The fury may also be due to the unprecedented two-term presidency of an African-American, as Krugman suggests in his New York Times column. Hence, Trump is often seen and heard venting that anger against ethnic minorities.
So, is there a real risk of the discourse turning more viciously rabid in the US?
“Perhaps. Time will tell. Then again, politics has always been a blood sport in the US, so what we are seeing may only be the most obvious iteration of its public face,” Huston said.
All sections of Indian politics—Left, Right and Centre—have covertly, overtly, and often violently, suppressed voices in the past.
But the campaign for the 2014 India elections was particularly bruising and divisive, coming after a 10-year rule by a Congress-led coalition government riddled with scams.
Modi, who eventually trounced others, led the bluster brigade all through. His crafty packaging of right-wing Hindutva in developmental hyperbole during the campaign was dubbed dog-whistle communalism.
Along with Amit Shah, his long-time confidant and current chief of the Bharatiya Janata Party (BJP), Modi muddied the discourse with his constant use of terms such as “pink revolution” and “sub-quota”—the first was a jibe at India’s soaring meat exports; the second refers to the issue of community-based government job reservations.
These terms were clearly intended to ratchet up hatred for India’s biggest religious minority, Muslims, who have traditionally been wary of the BJP’s Hindu extremist agenda.
At the same time, Modi created a subtle false binary of “national” and “anti-national”, where the Congress party was projected as conspiring to disintegrate India.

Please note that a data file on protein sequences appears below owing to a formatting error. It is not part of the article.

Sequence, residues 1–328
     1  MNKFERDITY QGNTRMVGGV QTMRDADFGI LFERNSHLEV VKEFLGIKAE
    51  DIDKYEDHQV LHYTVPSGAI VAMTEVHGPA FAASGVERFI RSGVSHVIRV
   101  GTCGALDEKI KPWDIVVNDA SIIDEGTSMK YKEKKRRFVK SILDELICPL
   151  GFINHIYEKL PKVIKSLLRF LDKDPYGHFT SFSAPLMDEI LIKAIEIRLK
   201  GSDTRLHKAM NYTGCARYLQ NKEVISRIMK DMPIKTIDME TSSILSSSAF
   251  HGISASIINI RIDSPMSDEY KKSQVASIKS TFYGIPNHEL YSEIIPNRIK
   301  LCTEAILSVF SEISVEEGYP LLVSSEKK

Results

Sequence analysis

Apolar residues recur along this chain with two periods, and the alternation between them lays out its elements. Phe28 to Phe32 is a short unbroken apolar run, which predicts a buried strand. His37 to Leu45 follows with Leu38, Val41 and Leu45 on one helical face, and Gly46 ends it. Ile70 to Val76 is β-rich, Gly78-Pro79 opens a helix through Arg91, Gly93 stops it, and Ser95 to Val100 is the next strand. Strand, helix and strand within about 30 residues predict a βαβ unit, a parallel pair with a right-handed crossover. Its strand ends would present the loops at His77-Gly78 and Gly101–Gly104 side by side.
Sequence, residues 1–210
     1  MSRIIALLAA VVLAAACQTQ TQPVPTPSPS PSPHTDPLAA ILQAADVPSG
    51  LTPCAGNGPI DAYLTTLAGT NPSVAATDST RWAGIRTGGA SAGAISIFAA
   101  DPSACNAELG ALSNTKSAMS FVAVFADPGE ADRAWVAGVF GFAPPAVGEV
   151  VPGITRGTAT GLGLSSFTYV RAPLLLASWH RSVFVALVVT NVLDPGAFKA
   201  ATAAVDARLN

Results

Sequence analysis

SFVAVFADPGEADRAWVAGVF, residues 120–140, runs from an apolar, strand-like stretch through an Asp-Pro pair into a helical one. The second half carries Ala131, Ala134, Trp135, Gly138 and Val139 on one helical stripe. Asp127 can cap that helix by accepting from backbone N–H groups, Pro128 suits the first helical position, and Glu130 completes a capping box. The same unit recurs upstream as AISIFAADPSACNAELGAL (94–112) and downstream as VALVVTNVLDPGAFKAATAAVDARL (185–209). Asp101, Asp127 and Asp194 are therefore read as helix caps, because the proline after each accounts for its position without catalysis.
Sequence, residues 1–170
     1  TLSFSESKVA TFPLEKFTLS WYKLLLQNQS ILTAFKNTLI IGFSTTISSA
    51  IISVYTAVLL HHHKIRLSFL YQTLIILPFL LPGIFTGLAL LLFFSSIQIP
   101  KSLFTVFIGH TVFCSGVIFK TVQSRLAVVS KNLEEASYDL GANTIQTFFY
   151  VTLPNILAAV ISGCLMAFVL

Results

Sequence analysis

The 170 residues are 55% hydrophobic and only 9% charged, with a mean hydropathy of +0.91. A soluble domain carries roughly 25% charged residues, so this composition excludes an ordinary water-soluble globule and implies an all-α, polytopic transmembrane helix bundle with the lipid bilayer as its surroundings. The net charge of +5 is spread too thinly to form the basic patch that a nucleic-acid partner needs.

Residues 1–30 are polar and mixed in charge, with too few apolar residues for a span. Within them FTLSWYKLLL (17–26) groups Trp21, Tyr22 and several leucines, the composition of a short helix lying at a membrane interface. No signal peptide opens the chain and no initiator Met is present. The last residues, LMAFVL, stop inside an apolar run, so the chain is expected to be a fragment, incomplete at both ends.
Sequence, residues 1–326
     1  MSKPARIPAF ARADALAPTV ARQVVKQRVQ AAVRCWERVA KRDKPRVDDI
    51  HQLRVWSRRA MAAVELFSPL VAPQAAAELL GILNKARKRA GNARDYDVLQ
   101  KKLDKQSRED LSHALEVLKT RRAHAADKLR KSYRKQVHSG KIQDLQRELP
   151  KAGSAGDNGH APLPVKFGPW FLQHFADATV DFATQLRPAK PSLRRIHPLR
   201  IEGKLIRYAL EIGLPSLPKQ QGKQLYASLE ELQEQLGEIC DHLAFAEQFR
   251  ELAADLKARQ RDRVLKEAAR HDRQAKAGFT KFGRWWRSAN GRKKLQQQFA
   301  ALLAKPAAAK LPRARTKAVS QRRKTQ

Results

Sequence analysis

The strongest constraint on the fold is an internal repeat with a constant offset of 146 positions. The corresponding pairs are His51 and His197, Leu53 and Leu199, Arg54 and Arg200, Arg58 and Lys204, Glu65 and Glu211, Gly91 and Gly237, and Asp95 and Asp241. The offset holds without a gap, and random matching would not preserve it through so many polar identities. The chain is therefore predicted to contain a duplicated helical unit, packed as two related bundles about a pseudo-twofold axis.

His “nationalistic” bluster was buttressed often by chants of “Vande Mataram” (bow to the motherland) during his rallies across the country. One of the BJP candidates—now a junior minister in the government—even said that those opposed to Modi must go away to Pakistan, a not-so-subtle hint at Muslims.
Modi deftly fed the Hindutva dogs of war even as he was seen gently caressing the developmental dove.
The Hindutva strongman was merely applying the skill he had honed over the years as chief minister of the western Indian state of Gujarat.
And this ultimately did win Modi the electoral battle—Indians searching for meaning and strong leadership voted for him with a vengeance.
Modi is more sophisticated, but just as dangerous
While acknowledging a parallel, wherein hitherto subterranean chauvinistic aggression is now getting mainstreamed and brazenly frank in both countries, sociologist Dipankar Gupta told Quartz, “Let us be careful, though. In the US, Trump is seen openly egging on lumpen elements. In India, the BJP’s top level is actively trying to dissociate itself from them.”